Cyberraiding in Blockchain

26 Jan 2024

Governance attacks in web3 and blockchain: risks and security strategies

The topic of blockchain security is an integral part of our blog and entire website. As we continue to delve deeper into decentralized technologies, we see a new frontline in cybersecurity stands out in the form of governance attacks, highlighting the need to protect against them. 

In this article, we look at the risks associated with governance attacks and offer actionable solutions to prevent this type of attack.

What are governance attacks?

hacker silhouette

Governance attacks are a form of cyber threat that targets the underlying governance mechanisms of decentralized systems such as blockchain. To understand the nature of these attacks, let’s understand governance and how it can be manipulated.

Governance in the context of cryptocurrency and blockchain projects is a governance system that allows participants in a network to make collective decisions regarding changes to protocols, parameters, and other key aspects. This process is typically carried out by network participants using tokens, by voting for change proposals.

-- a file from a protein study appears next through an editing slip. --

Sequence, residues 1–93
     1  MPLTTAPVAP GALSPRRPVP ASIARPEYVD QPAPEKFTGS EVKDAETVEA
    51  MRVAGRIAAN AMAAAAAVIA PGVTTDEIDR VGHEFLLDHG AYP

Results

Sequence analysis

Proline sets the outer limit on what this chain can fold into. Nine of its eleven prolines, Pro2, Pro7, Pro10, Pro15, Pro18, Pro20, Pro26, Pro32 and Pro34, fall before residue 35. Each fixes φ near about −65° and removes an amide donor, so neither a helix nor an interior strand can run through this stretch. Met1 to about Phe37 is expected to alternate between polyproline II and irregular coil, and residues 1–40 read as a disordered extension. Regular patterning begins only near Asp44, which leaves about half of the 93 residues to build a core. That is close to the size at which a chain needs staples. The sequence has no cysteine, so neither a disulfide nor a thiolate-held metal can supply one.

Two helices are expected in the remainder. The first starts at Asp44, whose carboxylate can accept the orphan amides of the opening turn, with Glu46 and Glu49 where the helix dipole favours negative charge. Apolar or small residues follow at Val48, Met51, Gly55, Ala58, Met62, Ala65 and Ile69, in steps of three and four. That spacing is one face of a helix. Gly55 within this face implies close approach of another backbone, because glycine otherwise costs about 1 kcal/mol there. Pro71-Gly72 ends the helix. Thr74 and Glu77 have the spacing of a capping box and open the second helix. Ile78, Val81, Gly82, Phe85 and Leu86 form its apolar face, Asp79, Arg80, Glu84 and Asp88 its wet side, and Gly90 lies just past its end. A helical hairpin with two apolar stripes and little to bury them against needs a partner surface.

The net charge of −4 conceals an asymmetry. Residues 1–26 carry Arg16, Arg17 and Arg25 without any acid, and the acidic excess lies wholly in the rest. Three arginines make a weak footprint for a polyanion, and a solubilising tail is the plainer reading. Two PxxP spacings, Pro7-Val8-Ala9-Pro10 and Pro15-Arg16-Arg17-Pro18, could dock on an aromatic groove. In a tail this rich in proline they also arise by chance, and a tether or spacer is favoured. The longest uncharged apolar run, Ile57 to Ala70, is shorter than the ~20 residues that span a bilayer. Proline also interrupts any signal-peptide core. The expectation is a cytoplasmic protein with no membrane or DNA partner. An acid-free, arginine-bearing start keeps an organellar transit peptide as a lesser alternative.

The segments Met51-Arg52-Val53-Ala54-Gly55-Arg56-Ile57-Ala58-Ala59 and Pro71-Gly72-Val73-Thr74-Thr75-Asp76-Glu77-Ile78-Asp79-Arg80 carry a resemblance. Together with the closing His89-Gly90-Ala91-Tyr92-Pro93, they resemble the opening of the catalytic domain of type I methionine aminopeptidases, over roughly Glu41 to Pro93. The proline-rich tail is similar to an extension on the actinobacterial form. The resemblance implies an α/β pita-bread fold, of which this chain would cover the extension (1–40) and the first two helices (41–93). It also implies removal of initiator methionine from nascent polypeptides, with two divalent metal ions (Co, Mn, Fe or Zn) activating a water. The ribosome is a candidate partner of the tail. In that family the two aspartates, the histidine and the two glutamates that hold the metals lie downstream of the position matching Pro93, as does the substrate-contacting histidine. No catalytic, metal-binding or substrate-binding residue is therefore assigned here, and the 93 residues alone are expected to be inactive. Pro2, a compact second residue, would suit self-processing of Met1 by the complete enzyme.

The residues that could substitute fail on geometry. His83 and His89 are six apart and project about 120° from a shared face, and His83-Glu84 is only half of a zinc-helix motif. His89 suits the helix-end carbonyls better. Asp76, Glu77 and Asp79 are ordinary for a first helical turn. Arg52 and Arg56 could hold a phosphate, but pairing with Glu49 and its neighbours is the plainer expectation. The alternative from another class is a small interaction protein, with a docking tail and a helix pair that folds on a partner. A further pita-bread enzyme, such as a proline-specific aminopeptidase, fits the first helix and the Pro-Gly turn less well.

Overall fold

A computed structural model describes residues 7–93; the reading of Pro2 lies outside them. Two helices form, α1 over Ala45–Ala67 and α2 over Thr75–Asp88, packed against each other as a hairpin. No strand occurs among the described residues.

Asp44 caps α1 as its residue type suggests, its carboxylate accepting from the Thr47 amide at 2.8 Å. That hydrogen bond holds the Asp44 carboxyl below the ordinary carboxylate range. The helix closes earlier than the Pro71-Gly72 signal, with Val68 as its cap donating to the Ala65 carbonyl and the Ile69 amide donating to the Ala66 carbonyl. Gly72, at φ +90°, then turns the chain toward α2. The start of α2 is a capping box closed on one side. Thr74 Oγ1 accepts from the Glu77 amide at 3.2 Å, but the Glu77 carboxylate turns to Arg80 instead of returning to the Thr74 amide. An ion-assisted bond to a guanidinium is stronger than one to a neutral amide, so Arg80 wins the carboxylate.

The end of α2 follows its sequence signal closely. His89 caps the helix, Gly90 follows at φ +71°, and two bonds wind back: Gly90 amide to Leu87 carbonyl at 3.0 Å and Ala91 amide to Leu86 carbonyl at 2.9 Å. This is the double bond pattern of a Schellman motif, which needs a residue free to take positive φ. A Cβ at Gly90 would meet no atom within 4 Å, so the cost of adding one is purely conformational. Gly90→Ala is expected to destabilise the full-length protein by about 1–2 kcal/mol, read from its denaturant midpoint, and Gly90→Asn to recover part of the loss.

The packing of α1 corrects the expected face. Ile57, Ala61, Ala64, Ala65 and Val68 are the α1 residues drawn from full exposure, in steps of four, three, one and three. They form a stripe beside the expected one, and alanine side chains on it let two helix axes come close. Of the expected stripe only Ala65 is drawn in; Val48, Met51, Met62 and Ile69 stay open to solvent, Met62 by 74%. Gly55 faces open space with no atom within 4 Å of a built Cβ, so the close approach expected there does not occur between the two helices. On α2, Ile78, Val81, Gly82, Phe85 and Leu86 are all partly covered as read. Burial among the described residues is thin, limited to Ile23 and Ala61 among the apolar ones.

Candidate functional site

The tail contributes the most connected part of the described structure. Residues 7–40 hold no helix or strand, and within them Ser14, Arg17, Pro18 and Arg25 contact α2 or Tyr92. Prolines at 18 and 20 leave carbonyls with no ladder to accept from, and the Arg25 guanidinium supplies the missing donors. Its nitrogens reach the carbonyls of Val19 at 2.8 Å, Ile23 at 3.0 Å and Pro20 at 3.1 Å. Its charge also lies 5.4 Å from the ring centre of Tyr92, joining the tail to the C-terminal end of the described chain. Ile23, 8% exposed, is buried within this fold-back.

A governance attack aims to change the decisions made in the voting process in order to win control or benefit through manipulation. Such a method can include a variety of tactics, such as:

  • Manipulation of voting. An attacker can use funds to purchase additional tokens and increase their influence on voting, even if it is against the interests of the community.
  • Forced protocol changes. An attacker may seek to force changes to the protocol for their own benefit or to disrupt the functionality of the network.
  • Influencing decision making. Governance attacks can also involve a variety of manipulations and influences aimed at decision making. This includes influencing community opinion through media campaigns or influential participants.

Real-life examples of governance attacks

An example of a governance attack is the incident with Beanstalk, a decentralized finance (DeFi) project. The hack was carried out using a flash loan. A hacker borrowed $1 billion dollars, gaining control of 67% of the project’s shares, which allowed him to transfer the funds to his wallet. He then repaid the loan and fled. The whole process took only 13 seconds. The hacker managed to steal 182 million dollars.